Chief Judge of the Federal High Court, Justice Abdul Kafarati has lamented that over N5trillion is owed the Asset Management Corporation of Nigeria, AMCON, and called on the judiciary to step up efforts aimed at aiding the recovery of the debts.
AMCON is saddled with the task of recovering over N5trillion owed by recalcitrant obligors. The development has led the management led by Ahmed Lawan Kuru, Managing Director/CEO, to change its recovery strategy to more of enforcement.
Justice Kafarati, who stated this at the weekend during the opening ceremony of AMCON 2019 Annual Seminar for Judges of the Federal High Court which was organised in collaboration with the National Judicial Institute, NJI, at the Federal High Court Complex, Abuja.
He reiterated the fact that AMCON’s success at recovering the outstanding huge debt would to a large extent depend on the cooperation it receives from sister agencies, as well as critical stakeholders especially the judiciary since most of its cases end up in court.
Kafarati, who was represented by Justice John Tsoho said “AMCON is a paramount feature of the financial system stability in Nigeria. AMCON sets out to accomplish this critical objective of stabilising the macro economy by off-loading toxic assets from the balance sheet of banks. It must be made clear that AMCON cannot be the only panacea for resolving all bank failures or other issues in the financial system, as it is only one of the critical partners or components of the financial safety arrangement responsible for the promotion of financial system stability.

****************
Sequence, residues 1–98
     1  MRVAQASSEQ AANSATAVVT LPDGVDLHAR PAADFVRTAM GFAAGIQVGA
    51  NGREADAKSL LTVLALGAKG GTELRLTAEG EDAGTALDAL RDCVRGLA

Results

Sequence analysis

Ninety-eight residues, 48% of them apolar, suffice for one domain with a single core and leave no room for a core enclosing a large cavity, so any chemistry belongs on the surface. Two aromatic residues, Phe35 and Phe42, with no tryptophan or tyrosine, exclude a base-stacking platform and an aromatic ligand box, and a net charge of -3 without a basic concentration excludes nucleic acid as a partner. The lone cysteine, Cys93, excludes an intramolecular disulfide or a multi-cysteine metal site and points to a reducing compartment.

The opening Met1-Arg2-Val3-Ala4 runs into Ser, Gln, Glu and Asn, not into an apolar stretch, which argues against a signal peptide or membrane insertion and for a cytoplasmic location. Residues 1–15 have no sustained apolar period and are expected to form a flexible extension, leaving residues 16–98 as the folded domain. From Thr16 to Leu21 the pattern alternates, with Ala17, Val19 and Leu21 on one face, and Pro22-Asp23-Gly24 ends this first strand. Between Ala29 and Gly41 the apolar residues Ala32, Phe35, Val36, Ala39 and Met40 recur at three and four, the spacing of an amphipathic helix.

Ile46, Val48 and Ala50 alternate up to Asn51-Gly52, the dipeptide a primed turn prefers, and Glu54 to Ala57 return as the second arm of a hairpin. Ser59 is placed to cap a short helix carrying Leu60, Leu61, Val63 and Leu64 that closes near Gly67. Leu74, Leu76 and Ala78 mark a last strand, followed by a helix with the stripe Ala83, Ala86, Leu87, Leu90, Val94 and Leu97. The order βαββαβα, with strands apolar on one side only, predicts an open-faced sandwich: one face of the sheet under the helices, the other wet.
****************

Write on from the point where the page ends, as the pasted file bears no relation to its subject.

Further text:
Justice Kafarati reminded the participants that the Federal High Court should actually do more to support AMCON’s recovery drive since it has the unique constitutional responsibility and exclusive jurisdiction in respect of all AMCON matters.
AMCON boss described the company’s huge debt portfolio as a national malaise which portends serious negative economic and social consequences for the entire nation.
He said AMCON is constantly under the observation of international monetary institutions and have entertained visits and inquiries from the World Bank and the International Monetary Fund, IMF, with respect to its strategies for resolving the over N5 trillion or $14 billion debt held in its portfolio.